Sloan: From Paris talks to ISIS and fracking bans, energy dominates politics

Author: Kelly Sloan - December 15, 2015 - Updated: January 8, 2016

It seems fitting, as most Coloradans shiver under the first major winter storm of the season, to talk energy policy. A lot has been going on along that front.

The Paris climate talks have just wrapped up, and the best thing to say about them is that they accomplished precisely nothing despite exuberant self-congratulation among the participants. The accord that was eventually coughed up is not legally binding, partly at the insistence of the American delegation — who knew that the U.S. Senate would not ratify a binding treaty, and thereby hand the administration a key defeat in the midst of a presidential election year.

At any rate, whether legally binding or not, the accord would do little to impact global carbon levels. An analysis conducted by the Massachusetts Institute of Technology predicts that were the accord’s emission cuts all followed to the letter, the resulting change in the earth’s temperature would range from 0.0 degrees Celsius (yes, that is zero) to a whopping 0.2 degrees.

Part of that, of course, is because the world’s biggest emitters are not the industrialized nations, but China and India, both of whom are let off the climate hook, as it were. China, for instance, is being held to an emissions peak which they are expected to hit anyway, whether they do anything or not. And neither country is about to give up on bootstrapping their economies and societies into the 21st century by abandoning the use of cheap and abundant energy — namely coal. That is, after all, how the industrialized nations became industrialized, and therefore allowed the luxury of playing around with alternate forms of energy.

The real threat of the Paris agreement is not the agreement itself but how it may be used as a catalyst for economically destructive policies back home, policies the Obama administration seems dead-set on implementing, in spite of any consequences.

Speaking of this side of the Atlantic, the past month also saw the President surprise no one by vetoing the Keystone pipeline. Not coincidentally within days of Canada electing a new Liberal Prime Minister.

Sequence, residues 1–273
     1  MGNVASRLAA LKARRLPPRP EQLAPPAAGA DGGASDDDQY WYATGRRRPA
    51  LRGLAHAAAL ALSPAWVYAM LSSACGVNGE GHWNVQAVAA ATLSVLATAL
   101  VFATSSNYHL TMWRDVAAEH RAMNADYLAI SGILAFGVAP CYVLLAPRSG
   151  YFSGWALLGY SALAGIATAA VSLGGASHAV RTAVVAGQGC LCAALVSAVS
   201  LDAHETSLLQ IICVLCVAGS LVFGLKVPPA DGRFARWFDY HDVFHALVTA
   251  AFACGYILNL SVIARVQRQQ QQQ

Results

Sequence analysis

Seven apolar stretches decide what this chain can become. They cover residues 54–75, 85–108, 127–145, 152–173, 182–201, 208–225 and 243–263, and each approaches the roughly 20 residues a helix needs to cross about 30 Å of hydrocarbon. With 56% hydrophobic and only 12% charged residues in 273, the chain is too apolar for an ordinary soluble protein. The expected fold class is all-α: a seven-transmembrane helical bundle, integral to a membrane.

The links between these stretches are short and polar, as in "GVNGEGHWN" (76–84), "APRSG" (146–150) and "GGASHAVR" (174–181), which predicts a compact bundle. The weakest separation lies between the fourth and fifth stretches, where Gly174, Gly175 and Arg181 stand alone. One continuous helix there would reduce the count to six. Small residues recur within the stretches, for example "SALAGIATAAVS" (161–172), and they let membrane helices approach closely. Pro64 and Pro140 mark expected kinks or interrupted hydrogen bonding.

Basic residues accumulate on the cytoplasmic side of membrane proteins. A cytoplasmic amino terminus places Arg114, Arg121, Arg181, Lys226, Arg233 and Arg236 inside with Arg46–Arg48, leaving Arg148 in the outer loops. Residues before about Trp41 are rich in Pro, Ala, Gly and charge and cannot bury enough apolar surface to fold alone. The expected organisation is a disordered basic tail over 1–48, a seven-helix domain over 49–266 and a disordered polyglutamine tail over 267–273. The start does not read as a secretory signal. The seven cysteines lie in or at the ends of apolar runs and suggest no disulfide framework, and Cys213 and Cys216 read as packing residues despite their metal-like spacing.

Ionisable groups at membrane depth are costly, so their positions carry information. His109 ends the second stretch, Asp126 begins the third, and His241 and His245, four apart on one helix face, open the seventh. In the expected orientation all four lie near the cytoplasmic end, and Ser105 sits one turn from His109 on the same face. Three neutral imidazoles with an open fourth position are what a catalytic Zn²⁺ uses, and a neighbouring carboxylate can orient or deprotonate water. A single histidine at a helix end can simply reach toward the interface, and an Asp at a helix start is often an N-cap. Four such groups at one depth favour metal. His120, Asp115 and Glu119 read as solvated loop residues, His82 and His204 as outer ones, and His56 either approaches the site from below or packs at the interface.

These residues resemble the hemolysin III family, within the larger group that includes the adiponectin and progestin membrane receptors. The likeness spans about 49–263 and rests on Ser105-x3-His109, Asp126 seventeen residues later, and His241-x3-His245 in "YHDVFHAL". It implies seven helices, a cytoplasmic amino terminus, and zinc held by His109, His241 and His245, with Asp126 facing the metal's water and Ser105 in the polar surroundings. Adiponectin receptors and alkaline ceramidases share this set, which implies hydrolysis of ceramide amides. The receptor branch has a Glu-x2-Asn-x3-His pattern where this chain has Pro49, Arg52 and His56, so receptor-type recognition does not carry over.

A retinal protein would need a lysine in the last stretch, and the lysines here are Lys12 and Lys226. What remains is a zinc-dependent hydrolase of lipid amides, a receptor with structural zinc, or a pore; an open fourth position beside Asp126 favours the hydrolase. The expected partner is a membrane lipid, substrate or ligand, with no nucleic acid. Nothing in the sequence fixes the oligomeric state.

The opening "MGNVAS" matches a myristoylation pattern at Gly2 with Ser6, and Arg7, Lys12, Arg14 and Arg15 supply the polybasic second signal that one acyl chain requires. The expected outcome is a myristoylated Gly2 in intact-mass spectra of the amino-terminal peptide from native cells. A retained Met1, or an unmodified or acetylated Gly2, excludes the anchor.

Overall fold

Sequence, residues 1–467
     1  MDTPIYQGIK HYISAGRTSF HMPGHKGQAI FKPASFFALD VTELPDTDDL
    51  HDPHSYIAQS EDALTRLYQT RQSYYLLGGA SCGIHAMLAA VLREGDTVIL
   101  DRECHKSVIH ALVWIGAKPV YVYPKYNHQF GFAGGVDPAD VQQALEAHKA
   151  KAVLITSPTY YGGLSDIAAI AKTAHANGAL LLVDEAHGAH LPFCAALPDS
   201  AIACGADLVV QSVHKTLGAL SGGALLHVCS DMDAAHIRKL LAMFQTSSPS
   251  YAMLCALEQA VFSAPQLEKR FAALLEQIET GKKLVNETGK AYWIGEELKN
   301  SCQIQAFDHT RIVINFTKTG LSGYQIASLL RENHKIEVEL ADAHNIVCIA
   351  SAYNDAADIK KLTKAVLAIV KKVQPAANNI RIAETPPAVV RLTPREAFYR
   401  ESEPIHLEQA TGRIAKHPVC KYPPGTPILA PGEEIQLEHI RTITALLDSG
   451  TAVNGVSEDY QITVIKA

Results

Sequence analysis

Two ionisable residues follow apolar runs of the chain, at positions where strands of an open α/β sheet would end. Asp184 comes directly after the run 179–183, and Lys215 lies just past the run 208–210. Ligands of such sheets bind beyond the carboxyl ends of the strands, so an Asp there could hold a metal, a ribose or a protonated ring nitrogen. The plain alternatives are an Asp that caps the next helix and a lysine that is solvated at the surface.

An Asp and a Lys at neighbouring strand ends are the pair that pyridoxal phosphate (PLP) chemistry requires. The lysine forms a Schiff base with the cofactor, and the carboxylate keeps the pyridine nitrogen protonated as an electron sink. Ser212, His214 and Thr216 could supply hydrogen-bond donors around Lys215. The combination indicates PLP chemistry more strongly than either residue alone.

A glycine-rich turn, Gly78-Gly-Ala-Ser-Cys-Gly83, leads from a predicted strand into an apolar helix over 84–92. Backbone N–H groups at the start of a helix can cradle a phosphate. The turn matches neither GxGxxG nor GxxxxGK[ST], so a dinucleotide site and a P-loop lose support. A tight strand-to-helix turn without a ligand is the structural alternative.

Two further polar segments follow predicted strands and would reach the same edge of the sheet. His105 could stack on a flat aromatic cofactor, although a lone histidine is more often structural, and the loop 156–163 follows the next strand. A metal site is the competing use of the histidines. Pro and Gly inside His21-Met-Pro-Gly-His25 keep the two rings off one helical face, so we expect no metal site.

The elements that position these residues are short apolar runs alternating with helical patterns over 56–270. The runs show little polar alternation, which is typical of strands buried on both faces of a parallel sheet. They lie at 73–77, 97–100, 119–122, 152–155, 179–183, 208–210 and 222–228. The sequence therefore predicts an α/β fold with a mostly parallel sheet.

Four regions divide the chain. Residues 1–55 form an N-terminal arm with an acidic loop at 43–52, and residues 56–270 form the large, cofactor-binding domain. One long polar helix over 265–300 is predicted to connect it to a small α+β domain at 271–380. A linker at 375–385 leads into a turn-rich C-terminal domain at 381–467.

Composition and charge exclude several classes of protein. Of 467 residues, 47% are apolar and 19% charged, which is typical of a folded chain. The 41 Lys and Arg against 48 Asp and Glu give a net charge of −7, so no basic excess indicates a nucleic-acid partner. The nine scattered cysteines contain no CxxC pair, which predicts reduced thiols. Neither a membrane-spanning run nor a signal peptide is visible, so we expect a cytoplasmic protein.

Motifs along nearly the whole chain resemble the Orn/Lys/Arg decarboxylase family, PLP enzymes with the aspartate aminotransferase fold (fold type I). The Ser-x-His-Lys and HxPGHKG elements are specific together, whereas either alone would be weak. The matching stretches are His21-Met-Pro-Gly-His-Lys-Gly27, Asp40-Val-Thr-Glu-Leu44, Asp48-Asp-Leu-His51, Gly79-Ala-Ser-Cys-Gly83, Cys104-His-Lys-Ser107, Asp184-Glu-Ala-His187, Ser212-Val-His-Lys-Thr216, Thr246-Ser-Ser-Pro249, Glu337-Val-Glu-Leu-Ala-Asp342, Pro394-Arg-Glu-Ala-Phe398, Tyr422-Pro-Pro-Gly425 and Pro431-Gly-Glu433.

Mr. Obama was not fooling anybody by pretending to wrestle over the decision. He wants the Keystone to be built about as much as Darryl Hannah does. His only obstacle was the vigorous support for the project being offered by former Prime Minister Steven Harper. Harper was a steadfast proponent of the pipeline, which would safely transport Canada’s principle export — Alberta oil — to refineries and markets in the Gulf. His replacement, Justin Trudeau, ostensibly supported the pipeline because he had to (it is difficult to campaign nationally on a platform that so obviously counters the nation’s interest), but his energy and environmental policy outlook mirrors Obama’s, and he has spoken out against other important pipeline projects. So he was not about to mount any sort of opposition to a veto of the Keystone. Just as importantly, he also managed to toss away Canada’s most potent bargaining chip with the administration over the issue. Harper has used the presence of Canadian fighter jets in the middle-east, taking part in strikes against ISIS, as a negotiating tool. This was a secondary consideration for Harper, who truly believed in the military mission, but an effective one; if one can discern an Obama foreign policy, it is to let others take the lead wherever possible in order to avoid the necessity of formulating and implementing an actual foreign policy. The more Canadian CF-18’s blowing up ISIS targets, the less Obama felt compelled to send American F-22’s. Nevertheless, Trudeau the Younger’s very first public policy announcement was the withdrawal of Canadian air forces from the region. Whatever that may mean in regards to the war on ISIS, it certainly made the goal of North American energy security a little bit trickier.

Back here in Colorado, the state Supreme Court recently heard arguments for and against local bans on hydraulic fracturing, which industry and the state government oppose as being unconstitutional. The decision could have a big political impact; if the bans are overturned, I would fully expect to see action on the part of environmental groups and their allies in the legislature to propose an amendment to the state constitution making such bans legal, or at least some legislative action to try and keep them in place. After a 2015 legislative session that was eerily quiet on the fracking battle, this could set up some interesting fights in the coming sessions.

In any event, energy policy at the international, national and state levels should remain a concern for all Coloradans who plan to drive home, turn on the lights, and crank up the heater this evening.

Kelly Sloan is a Grand Junction-based political and public affairs consultant, journalist and is a Centennial Institute fellow in energy policy.

Kelly Sloan

Kelly Sloan

Kelly Sloan is a political and public affairs consultant and recovering journalist based in Denver. He is also an energy and environmental policy fellow at Centennial Institute.